8th March 2022
Yesterday, the House of Commons Petitions Committee published the Government’s response to the Committee’s first report on the impact of the COVID-19 pandemic on new parents. The response is available here.
The Committee’s report focused on the additional pressures that COVID-19 and the pandemic response have brought for new and expectant parents, and called for: strengthened perinatal mental health services; increased in-person visits by health visitors to new parents; a review of monitoring and enforcement activity relating to employers’ health and safety obligations to new parents; legislation on extended redundancy protections for new and expectant mothers; and a review into the funding and affordability of childcare
The Government’s response states:
“We understand that the pandemic and the pandemic response have involved a significant amount of upheaval for new parents, including through changes or delays to services, and national lockdowns presenting barriers to support and care from friends and relatives. The first 1,001 days from conception to the age of two are critical: they set the foundations for an individual’s cognitive, emotional and physical development through the early years and growing up well. We continue to support giving every child the best start in life, including through building back better from the COVID-19 pandemic. In October 2021, an additional £500 million was announced through the Budget for Start for Life and family help services [this includes £200m for the Supporting Families Programme for children of all ages]. This represents an important step in implementing the vision set out in The Best Start for Life: a Vision for the 1,001 critical days, published by the Early Years Healthy Development Review led by Dame Andrea Leadsom.”
At the iHV, we support the Petitions Committee’s conclusion that, whilst this investment is an important first step and a welcome commitment to the ‘First 1,001 Days’, this does not go far enough. The Committee’s response states:
“We welcome the long-term vision of the Government’s Best Start for Life review, but to date COVID-19 recovery funding aimed at children aged under 2 appears to have been unjustifiably neglected compared to the funding made available for older children. As we emerge from the pandemic, the Government must ensure it invests proportionately in the infrastructure which supports these families.”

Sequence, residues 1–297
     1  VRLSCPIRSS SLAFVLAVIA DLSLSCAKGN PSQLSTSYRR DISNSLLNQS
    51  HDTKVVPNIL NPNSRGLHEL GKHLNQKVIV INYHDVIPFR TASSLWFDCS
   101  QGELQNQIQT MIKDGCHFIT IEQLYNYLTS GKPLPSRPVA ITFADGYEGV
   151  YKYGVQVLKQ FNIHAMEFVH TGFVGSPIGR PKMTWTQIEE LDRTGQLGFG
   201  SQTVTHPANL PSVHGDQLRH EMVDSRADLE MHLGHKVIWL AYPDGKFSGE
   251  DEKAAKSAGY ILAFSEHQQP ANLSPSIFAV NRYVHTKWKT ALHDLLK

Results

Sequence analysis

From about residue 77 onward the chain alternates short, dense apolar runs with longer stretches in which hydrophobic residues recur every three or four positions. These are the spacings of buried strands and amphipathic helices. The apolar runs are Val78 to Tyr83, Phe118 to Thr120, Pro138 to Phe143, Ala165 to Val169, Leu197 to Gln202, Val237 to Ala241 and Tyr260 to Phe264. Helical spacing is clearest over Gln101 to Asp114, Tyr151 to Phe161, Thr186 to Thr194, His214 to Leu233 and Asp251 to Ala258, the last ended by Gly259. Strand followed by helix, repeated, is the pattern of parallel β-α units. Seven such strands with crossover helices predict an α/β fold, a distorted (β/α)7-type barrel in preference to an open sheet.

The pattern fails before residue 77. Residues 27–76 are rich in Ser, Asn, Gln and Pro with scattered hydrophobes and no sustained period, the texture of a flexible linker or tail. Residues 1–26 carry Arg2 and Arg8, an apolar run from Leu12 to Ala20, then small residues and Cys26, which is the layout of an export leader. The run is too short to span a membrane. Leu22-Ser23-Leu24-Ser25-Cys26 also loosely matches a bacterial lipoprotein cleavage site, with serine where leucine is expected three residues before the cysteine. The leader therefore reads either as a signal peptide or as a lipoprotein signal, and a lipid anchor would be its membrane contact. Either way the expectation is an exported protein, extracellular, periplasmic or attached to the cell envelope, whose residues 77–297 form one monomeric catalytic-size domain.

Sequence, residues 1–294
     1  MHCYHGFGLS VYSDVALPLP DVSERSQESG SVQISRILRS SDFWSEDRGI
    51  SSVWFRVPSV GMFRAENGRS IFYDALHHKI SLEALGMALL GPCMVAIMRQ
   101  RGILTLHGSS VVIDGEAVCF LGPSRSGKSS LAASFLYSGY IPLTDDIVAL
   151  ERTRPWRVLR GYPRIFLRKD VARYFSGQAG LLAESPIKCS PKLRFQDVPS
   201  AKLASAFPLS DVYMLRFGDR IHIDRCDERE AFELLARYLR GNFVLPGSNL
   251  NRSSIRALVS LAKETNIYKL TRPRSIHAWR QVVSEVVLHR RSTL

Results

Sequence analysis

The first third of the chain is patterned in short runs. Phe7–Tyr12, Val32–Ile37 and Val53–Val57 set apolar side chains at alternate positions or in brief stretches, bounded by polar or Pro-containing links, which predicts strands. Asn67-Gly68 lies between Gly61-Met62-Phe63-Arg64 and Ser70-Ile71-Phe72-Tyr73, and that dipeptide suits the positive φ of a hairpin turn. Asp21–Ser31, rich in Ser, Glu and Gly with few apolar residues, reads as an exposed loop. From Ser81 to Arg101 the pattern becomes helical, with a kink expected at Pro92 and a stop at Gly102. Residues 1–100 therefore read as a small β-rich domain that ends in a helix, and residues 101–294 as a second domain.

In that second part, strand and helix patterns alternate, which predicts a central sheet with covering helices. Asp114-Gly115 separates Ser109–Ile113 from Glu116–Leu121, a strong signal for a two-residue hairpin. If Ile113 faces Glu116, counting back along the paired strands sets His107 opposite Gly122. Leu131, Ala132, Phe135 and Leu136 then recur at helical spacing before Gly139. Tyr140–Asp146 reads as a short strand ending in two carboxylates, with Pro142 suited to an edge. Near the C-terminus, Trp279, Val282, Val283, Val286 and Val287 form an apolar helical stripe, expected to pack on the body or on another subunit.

The iHV is working closely with the Parent-Infant Foundation and many other leading organisations who are calling on the Government for a fully funded COVID-19 recovery plan for babies, young children and families.
Alison Morton, iHV Executive Director commented:
“There is no denying that the impact of the pandemic on babies, young children and families has been wide ranging, and disproportionately affects those who were already disadvantaged. Whilst the Government’s recent commitment of £300m for the Start for Life Offer is a welcomed step in the right direction, it doesn’t go anywhere near far enough to address the scale of unmet need and intensity of support required.
“Left unaddressed, the burden of vulnerability and early adversity is cumulative and may last a lifetime for some children. But, in a world of seemingly intractable challenges, there is hope – meaningful prevention, early intervention and care promises better health and wellbeing across generations. Inequalities are not inevitable; they are within our gift to change if we have the will and the means to tackle them.
“We therefore join with others in calling for a clear COVID-19 recovery plan for babies, young children and families at the scale of intensity required, and with the investment needed, to put this right. This includes tackling the workforce ‘elephant in the room’. The current workforce shortages in health visiting have been ignored for far too long, and their impact is being felt across the health and social care system and by parents who face the brunt of short-sighted policy making. We need more health visitors, and we need to start rebuilding this vital infrastructure of support for families now.”
We are grateful to the support of more than 700 leading children’s organisations who have supported our call for investment in health visiting. The Parent-Infant Foundation has highlighted three areas where they feel that the Government’s response is insufficient:
- The Government is diminishing the impact of the pandemic on our babies
- Disparities in recovery funding are inconsistent with Government’s own acknowledgement of the importance of the first 1001 days
- More must be done to strengthen our health visiting services.